With that in mind, it’s important to understand the difference between using online advertising and really embracing it. For example, a dealer that is using online advertising will post a photo, a basic product description and the MSRP for a new vehicle or the Blue Book price for a used car. A dealer that embraces online advertising, says Galbraith, will post multiple photos, and/or a video, a detailed product description, a free vehicle history report and a price that’s competitive in the marketplace.

“The change dealers have to realize is that merchandising vehicles online isn’t advertising in the traditional sense. It’s selling,” he says. “The sales process now begins before the customer ever sets foot in the door. You need to approach the customer experience like you would on the floor, providing ample information, leading the customer through, highlighting important features and selling the dealership.”

If you’re still not sold on the impact, consider that half of dealership visitors who used Cars.com before coming to the store plan to purchase or lease a vehicle that day. Leads don’t come any hotter than that.

Still Skeptical?

Of course, not everyone has bought into this new business model. Some general managers remain focused more on branding efforts using traditional media (e.g., TV, radio or newspaper) because it’s what they grew up with and where their comfort zone is. In addition, Galbraith says some will try to minimize the connection between online marketing and offline sales as a negotiating tactic.

“It’s really time to stop playing that game,” Galbraith says. “Dealers should start working with their salespeople and figuring out how to get more out of it instead. It’s easier to see what the results are than it is with TV, radio or even newspaper ads. Online marketing has proven itself to be the most effective driver of traffic to come along since the invention of the automobile. Investing in it is really an investment in the store.”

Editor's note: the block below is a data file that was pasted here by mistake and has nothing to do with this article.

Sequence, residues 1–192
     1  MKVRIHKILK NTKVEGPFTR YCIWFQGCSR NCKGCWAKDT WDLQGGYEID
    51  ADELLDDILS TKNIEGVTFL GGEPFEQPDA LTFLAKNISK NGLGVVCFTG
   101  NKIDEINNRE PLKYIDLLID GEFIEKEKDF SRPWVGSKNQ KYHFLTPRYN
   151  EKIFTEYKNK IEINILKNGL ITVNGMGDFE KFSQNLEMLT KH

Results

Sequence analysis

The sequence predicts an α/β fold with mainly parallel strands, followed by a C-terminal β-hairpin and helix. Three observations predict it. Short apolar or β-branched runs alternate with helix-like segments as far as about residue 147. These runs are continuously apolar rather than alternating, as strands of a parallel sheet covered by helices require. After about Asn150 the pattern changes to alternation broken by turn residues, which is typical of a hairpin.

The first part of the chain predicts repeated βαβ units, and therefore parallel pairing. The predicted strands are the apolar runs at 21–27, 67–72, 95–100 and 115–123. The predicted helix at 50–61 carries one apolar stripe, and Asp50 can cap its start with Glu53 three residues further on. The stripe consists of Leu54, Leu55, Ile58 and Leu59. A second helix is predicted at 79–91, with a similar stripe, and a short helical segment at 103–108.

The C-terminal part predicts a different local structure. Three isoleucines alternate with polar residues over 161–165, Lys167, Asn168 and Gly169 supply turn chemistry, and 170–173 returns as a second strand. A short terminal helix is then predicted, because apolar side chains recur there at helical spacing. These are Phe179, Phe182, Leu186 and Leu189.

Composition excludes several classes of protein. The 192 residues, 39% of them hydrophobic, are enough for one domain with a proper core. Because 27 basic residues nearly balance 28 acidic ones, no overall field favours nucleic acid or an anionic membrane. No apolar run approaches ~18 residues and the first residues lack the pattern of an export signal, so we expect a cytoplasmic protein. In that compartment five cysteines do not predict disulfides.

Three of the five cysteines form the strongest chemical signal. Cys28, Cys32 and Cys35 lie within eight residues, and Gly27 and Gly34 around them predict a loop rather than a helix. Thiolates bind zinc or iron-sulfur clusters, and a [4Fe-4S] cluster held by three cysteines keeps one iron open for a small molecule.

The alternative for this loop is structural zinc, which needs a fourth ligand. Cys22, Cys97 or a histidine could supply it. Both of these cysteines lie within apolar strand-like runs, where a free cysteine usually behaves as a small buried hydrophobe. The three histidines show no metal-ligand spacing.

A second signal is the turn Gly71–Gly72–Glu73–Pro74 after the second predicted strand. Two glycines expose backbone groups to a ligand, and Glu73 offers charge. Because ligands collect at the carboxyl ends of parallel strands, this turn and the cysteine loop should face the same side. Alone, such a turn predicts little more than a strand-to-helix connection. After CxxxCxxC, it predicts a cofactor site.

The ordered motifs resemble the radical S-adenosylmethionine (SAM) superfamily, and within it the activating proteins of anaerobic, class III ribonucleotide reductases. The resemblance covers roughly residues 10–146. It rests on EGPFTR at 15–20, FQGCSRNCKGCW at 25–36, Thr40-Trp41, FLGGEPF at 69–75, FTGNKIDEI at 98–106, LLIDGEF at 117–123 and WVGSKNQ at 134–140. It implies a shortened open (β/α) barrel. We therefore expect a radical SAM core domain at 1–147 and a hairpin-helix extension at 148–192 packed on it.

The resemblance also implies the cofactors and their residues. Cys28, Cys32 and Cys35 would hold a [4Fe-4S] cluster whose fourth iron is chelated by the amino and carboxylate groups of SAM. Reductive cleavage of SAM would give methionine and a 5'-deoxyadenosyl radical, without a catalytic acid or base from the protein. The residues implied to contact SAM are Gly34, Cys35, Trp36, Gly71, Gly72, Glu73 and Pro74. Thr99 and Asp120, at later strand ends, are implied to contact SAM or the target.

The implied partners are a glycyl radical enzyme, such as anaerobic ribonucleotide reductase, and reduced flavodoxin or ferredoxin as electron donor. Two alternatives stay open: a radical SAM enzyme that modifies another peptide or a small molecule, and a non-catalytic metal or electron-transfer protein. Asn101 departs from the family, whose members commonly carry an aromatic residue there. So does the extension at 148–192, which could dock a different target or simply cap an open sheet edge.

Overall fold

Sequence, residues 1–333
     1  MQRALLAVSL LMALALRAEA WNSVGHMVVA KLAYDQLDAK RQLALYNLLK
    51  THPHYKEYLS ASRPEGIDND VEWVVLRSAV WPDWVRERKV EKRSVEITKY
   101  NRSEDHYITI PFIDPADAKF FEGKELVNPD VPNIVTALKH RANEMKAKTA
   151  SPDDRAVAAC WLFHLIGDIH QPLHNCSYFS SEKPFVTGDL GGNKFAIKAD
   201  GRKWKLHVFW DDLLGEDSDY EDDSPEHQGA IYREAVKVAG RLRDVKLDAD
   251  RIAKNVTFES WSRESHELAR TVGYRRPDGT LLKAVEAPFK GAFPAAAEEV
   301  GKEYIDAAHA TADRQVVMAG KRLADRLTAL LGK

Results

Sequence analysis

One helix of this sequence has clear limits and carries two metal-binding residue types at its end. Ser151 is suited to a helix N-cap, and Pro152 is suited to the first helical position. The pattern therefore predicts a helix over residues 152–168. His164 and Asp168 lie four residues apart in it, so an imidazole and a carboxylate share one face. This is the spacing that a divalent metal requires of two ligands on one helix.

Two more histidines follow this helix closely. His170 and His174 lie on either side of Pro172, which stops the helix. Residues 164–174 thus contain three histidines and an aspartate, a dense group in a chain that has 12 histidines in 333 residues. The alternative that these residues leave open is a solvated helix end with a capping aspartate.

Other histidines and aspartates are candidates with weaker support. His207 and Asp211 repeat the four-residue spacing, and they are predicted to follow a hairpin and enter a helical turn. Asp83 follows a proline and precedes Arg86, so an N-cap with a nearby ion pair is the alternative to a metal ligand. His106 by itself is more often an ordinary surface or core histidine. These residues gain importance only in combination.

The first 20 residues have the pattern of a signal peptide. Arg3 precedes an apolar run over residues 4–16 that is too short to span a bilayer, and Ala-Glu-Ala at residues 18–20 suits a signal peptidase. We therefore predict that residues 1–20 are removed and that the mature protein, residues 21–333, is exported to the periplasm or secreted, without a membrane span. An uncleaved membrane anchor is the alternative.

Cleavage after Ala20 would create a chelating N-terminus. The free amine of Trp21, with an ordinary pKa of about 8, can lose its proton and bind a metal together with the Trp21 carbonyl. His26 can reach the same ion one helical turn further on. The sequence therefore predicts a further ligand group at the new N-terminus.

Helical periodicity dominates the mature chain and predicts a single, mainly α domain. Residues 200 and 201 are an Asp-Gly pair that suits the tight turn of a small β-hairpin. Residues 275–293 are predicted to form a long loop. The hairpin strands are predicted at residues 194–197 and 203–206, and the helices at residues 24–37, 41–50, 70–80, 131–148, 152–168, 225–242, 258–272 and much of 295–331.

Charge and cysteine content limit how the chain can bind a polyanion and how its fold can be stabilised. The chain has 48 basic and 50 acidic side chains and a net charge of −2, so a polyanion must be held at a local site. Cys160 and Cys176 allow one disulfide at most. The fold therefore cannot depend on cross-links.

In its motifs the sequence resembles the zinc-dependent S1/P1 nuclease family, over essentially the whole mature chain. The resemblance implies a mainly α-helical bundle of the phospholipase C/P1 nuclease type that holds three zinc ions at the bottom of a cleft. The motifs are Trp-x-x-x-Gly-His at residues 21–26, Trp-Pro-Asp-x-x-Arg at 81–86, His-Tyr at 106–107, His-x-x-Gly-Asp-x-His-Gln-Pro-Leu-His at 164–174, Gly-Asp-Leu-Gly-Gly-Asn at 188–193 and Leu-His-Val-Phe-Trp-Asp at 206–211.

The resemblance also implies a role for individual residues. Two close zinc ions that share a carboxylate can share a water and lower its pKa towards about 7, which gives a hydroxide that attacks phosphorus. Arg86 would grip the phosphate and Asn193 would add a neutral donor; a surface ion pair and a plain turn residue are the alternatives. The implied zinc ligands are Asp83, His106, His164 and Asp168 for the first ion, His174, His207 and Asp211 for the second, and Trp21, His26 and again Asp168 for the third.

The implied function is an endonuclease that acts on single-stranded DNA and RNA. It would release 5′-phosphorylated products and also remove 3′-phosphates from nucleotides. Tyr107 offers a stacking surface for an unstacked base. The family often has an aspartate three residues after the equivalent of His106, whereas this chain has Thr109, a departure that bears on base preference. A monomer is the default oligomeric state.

Additional Resources

To learn more about the walk-in study Cars.com completed with Synovate, please visit the DealerADvantage Live archives. Galbraith discusses the innovative study and how you can leverage online advertising to drive more walk-in traffic.

* Value of Third Party to Dealer Walk-In Traffic; Synovate 2008

One thought on “When Online Turns Offline

  1. Yet another study to support the fact that automobiles shoppers follow the rest of the universe in online activity. Those clinging to traditional media at the expense of digital options may one day have little to do but read the papers. We do however, benefit from awareness that like your service drives traffic to the dealer. Does it pay for itself? Who knows? It’s impossible to measure with any level of confidence. But these sources also conduct internal studies that justify the expense of their services, generally better received when conducted by a disinterested third party. The findings produced by any party with a vested interest bring back visions of the tobacco industry. And you are not alone; AutoTrader uses the same arguments to support their fees.

    The number of dealers paying for leads clearly shows a willingness to pay for traffic; phone, internet, floor, and whatever. Since the Internet offers the ability to measure results with confidence, the lead provider that produces a positive ROI – on Internet leads alone – is best suited to the needs of the dealer. Further, the dealer and the lead provider then find such internal studies unnecessary, providing the dealer time to focus on selling and the lead provider time to focus on generating leads.